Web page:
Sikhism & Bioethical Issues

Sikhism & Bioethical Issues

Seeking Gurbani Guidance

Gurmukh Singh OBE

(Partly based on articles by of Dr I J Singh (New York) and Dr. G S Mansukhani)

(Note: Following retirement in June 1996, I worked with The Sikh Missionary Society UK for a few years. Due to rapid advances in science in areas such as genetic engineering and cloning etc Sikh views were sought on such issues by those in interfaith, educational, research and media fields. On 12 June 2001, I wrote to Dr I J Singh, New York, about the need to develop a Sikh view about bioethical issues. The following thoughts were sent to him, and later produced as an article.)

Gurmatt based framework for reaching decisions on bioethical and other 21st Century issues

In discussing religio-social issues, and dilemmas and problems facing today’s society led by the rapid advances in science and technology, two basic rules of Gurbani teachings would seem to be relevant:

  1. Human life is at the apex of life on earth. It is an important phase in the evolution of a human being towards complete God-centred harmony.
  2. Family life and the institution of marriage are central to Sikh teachings which stress man/woman complementary roles in a spirit of equality. Sikhism does not accept monasticism or any type of “opt-out” way of life.

The emphasis of Gurmatt (Guru’s guidance) is not on the laying down of highly precise and rigid rules of how man might utilise his God-given knowledge; the essence of Sikh teachings is to provide man with a healthy, progressive and responsible philosophy for addressing modern issues. It provides a framework and not definitive answers for the future.

General principles:

(Derived mainly from Dr I J Singh’s essays)
  1. Not all actions can be universally condemned in all situations at all times.
  2. Instead of providing fixed unchanging answers to changing problems, Sikhism provides an unchanging process based on moral framework in which one can devise moral and ethical criteria by which an ethical dilemma can be negotiated.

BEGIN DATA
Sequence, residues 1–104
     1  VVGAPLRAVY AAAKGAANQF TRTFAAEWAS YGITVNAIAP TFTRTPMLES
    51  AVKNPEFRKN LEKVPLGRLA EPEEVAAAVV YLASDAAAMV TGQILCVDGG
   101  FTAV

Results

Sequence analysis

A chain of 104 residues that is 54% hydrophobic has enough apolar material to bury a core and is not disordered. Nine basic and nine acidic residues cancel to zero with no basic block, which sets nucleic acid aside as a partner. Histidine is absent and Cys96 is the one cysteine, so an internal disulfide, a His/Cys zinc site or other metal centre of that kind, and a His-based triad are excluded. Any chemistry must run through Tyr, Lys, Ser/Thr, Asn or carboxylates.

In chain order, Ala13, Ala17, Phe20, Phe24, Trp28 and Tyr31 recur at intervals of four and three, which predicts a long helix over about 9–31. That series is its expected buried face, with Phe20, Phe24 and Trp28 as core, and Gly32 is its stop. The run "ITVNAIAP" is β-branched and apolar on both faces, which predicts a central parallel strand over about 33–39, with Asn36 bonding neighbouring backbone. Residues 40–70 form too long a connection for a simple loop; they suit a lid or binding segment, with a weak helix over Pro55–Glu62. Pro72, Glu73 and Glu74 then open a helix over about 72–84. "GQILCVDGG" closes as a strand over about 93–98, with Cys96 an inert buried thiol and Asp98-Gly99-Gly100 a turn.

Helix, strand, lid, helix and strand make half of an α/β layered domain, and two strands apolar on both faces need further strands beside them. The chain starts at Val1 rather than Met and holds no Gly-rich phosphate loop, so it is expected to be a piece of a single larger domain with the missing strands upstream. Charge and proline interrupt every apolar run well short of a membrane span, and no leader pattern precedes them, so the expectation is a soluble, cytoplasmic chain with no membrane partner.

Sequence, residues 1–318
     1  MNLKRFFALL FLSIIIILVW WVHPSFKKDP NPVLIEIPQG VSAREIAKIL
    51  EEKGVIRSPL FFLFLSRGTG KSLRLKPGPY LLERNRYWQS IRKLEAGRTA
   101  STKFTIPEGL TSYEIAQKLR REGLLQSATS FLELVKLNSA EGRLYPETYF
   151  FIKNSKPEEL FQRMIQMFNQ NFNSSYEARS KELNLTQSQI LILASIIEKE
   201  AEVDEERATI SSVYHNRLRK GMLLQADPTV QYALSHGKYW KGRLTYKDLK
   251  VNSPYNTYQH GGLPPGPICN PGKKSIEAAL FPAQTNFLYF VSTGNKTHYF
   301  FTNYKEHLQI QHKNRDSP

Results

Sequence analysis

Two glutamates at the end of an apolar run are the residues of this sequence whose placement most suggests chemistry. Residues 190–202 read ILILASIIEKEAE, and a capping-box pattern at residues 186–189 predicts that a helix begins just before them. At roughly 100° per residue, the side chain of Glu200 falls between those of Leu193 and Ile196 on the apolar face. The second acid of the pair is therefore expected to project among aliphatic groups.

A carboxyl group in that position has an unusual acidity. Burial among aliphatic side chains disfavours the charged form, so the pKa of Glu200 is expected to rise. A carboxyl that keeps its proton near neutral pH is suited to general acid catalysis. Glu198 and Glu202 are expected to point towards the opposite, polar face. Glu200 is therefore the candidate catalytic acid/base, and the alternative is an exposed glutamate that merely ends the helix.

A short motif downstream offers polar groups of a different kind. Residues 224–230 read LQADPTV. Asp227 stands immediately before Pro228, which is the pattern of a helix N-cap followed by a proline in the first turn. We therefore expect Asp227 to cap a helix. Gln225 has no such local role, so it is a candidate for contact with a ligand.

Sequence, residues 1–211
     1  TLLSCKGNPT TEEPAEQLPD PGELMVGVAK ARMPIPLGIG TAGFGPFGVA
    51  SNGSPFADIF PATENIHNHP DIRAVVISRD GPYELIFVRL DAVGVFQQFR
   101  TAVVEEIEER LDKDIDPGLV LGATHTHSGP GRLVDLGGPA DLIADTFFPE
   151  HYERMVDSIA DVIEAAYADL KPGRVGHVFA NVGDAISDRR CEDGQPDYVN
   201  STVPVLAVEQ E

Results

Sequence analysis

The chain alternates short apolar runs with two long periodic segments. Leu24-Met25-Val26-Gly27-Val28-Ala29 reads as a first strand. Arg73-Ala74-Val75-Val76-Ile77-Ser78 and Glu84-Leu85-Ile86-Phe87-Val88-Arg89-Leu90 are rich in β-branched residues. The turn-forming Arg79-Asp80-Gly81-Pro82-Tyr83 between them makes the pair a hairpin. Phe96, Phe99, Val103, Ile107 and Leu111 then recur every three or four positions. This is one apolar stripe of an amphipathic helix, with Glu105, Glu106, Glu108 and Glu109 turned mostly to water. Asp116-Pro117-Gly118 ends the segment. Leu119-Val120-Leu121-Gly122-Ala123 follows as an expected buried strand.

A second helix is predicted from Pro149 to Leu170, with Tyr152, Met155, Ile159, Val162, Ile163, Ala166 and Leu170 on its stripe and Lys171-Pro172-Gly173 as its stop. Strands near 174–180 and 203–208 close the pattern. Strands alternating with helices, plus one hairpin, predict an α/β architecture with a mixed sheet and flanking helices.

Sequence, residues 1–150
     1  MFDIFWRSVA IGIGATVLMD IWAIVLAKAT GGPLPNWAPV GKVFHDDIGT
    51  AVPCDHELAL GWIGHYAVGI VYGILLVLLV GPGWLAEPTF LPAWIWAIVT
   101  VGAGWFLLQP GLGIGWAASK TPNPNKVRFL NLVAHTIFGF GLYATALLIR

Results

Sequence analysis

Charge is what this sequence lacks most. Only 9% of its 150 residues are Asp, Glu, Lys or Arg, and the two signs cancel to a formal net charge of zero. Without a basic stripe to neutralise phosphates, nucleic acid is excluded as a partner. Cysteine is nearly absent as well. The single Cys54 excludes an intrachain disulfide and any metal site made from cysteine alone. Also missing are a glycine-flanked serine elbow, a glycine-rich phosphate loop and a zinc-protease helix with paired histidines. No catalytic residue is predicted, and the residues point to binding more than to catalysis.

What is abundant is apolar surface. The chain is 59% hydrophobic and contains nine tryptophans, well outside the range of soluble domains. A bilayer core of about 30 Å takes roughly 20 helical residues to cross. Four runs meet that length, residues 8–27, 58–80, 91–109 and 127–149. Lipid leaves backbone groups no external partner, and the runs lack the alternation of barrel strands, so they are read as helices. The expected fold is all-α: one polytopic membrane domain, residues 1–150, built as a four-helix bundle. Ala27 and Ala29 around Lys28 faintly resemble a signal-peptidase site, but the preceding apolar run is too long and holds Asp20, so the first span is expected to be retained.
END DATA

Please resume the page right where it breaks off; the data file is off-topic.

3. Inherent in Sikh teachings is the principle that all rights come with responsibilities and no actions are free of accountability.
  4. Before committing to an action, a human being must delve into his or her essential being. “Recognise the divine spark within you”, says Sikhism. (“Mann toon Jote Saroop hain apna mool pacchaan.”)
  5. The divine spark is discovered and nurtured by love, by service to the community and by recognition of the same spark in all of us.
  6. In the process of self-realisation, the sangat, a congregation of similarly dedicated people becomes critically important. God and Guru pervade such a congregation.
  7. The discerning intellect that Sikhism asks of its followers is far from perfect, but grows only by use, prayer and grace. In this role the Sikh community, the sangat becomes paramount. Individual lives exist as biosocial contracts within the historical framework of a community.
  8. The decision making process does not occur in isolation and the individual choices are ratified by the sangat (congregation).

From what has been said so far, one may conclude that Gurmatt based decisions regarding bioethical and other issues should be made intelligently (i.e. in the light of all the research and information that is available), ethically and collectively in any given situation. The mental/spiritual mode required is that of complete humility, complete harmonisation with the Will of the Creator, sense of service to all creation and a highly responsible attitude towards human values and the progress of human institutions (e.g. the institution of family life).